Practical Advice: Toilet Basics

By: Bill Savidan, Photography by: Images supplied


The Thetford is the most commonly found toilet in today’s modern RV. Bill Savidan shares tips on basic care and maintenance

rv cassette toilet basics
Once you understand the basics, getting to grips with toilet maintenance is pretty simple.

Thetford’s ‘Porta Potti’, launched in the USA in 1967, was the first practical ‘freedom camping’ toilet on the market. It was gratefully embraced by campers and RVers worldwide, and led to the development and release, in 1987, of the externally accessed cassette toilet we know today. New models and various refinements have been incorporated since its release, but the essential ingredients remain unchanged. Dometic and others market similar products, but Thetford maintain their place at the top of the heap.

Thetford’s toilets are reliable. Simple maintenance at the end of each season and the beginning of the next is usually all that is needed to keep them operative. Thetford market a range of tank treatment additives and cleaners that keep their toilets in good working order. It is not a good idea to use regular household cleaners, as they can be too abrasive for the PVC plastic material the toilets are made from.

There are three parts of the toilet that need attention – the opening blade at the bottom of the pan, the cassette, and the water flushing system. If you are DIY confident, don your rubber gloves and give it a go.

  1. During regular use, the opening blade’s rubber seal works beautifully, but when it is inactive it can stick to the blade. The remedy is to lubricate the seal. You will find the seal under the small hatch in the centre of the top surface of the cassette. Just slide the hatch to the side to reveal the seal. Don’t use Vaseline, grease or vegetable oils as they can harm the seal. Instead use olive oil, silicone spray/grease or Thetford Seal Lubricant. Be sure to wipe off any excess lubricant from the seal and its surrounds. Do this at the end of the RV season and leave the blade open until you next use your RV.
  2. Cleaning as you go is a good rule to follow when emptying your toilet cassette. After each emptying, rinse the cassette with a couple of litres of water at least twice or until the rinse water is clear. Swill the water around with each rinse, but don’t be too vigorous as you may displace the water level float mechanism. Done regularly, you shouldn’t need to clean the cassette at the end of the season. However, should it need a clean, use a proprietary cassette tank cleaner. Yes, Thetford have one of these, too.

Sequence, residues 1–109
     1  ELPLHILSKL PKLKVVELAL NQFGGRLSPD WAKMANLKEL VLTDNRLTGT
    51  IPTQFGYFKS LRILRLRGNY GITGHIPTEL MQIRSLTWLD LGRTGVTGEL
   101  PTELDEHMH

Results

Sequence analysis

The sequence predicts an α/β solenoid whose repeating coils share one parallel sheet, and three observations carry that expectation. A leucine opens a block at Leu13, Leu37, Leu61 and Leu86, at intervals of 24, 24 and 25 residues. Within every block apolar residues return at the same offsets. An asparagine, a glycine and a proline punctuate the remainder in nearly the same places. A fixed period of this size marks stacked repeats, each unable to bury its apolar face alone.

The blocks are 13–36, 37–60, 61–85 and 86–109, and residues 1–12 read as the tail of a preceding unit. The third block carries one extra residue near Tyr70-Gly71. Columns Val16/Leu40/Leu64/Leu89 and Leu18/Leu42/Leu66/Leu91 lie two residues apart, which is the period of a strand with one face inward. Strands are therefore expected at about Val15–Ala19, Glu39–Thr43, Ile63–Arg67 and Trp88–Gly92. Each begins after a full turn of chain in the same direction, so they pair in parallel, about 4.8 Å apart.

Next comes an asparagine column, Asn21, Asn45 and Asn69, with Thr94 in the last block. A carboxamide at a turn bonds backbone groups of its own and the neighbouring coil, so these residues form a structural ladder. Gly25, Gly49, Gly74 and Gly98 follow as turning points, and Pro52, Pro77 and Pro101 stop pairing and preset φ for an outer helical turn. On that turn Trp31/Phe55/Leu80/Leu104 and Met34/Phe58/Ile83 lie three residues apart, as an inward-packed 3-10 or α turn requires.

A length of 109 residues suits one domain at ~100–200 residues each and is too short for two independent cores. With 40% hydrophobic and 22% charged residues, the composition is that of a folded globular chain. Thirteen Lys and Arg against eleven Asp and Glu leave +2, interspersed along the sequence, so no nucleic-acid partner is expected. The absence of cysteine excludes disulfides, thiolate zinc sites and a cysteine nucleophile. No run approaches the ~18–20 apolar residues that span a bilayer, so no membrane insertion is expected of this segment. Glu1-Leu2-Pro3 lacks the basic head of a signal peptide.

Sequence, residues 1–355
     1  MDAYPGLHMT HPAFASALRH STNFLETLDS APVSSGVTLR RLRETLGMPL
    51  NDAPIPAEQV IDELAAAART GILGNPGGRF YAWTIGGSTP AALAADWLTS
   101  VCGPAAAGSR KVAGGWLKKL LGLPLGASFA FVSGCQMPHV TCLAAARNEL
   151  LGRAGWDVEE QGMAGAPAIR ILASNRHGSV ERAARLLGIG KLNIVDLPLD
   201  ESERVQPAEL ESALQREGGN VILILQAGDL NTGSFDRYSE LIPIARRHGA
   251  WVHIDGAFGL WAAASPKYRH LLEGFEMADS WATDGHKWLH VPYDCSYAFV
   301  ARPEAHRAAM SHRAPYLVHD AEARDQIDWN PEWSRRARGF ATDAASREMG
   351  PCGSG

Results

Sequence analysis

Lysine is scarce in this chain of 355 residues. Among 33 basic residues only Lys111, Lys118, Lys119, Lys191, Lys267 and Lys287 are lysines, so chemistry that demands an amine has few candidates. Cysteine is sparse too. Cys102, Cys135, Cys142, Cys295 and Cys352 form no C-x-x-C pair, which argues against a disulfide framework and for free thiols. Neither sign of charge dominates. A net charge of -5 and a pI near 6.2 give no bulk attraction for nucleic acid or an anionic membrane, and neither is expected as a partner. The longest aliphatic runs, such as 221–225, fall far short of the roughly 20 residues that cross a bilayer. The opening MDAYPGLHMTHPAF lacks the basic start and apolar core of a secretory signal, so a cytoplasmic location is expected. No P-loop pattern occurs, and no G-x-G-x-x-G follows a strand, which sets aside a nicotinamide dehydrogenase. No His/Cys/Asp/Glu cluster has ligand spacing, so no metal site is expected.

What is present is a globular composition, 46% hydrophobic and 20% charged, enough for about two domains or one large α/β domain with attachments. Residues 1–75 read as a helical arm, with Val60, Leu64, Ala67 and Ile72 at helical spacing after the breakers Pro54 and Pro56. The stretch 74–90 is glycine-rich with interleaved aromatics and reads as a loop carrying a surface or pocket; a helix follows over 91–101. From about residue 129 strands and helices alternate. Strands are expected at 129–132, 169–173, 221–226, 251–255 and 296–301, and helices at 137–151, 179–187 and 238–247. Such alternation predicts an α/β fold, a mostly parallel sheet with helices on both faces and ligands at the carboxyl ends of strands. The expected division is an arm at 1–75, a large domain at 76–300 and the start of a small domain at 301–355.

3. Thetford toilets are fitted with one of two flush water systems. One draws flush water directly from the RV fresh water tank. The other draws its water from a separate flush water tank, usually referred to as the top tank. If your RV has this top tank system and it is not being used for a couple of months, the flush water should be drained. Otherwise it can become contaminated with mould that is quite difficult to remove. A 10:1 water/Janola flush water mix should fix it...eventually. Finish off with a clean water flush and don’t forget to empty/flush the cassette when you are finished.
rv cassette cleaning
Access the toilet flap by sliding the cover towards the handle. Note, the top yellow knob is parallel to the sides of the cassette. This knob opens and closes the flap.

 

rv cassette maintenance

With the cover removed, the flap and seal can be serviced. Note the top knob has rotated 45° and partially opened. If the cassette won’t fit, check the knob is in the parallel position and the flap cover is the correct way around.

One advantage the top tank system has is that the flushing water can be dosed with ‘top tank fluid’. This is formulated to lubricate the insides of the toilet bowl to keep it clean. However, some ‘top tank fluids’ have been associated with the creation of mould in the flush tank.

One way of sidestepping this potential problem is to adopt the practice used by many owners whose RVs don’t have a top tank but who like the advantages of top tank fluid. They put a correctly diluted dose of top tank fluid into a spray-top bottle so they can spray the toilet bowl after each use.

There are many brands of toilet chemicals available and most work as intended. However, some are harmful to the beneficial processes inside septic tanks. If you wish to keep this disposal option open use a couple of scoops of enzyme clothes washing powder in your cassette in place of regular toilet chemicals. That way the septic tank won’t mind your cassette contents at all.

Find motorhomes, caravans and RVs for sale in NZ

 

Keep up to date with news by signing up to nzmcd.co.nz's free newsletter or by liking us on Facebook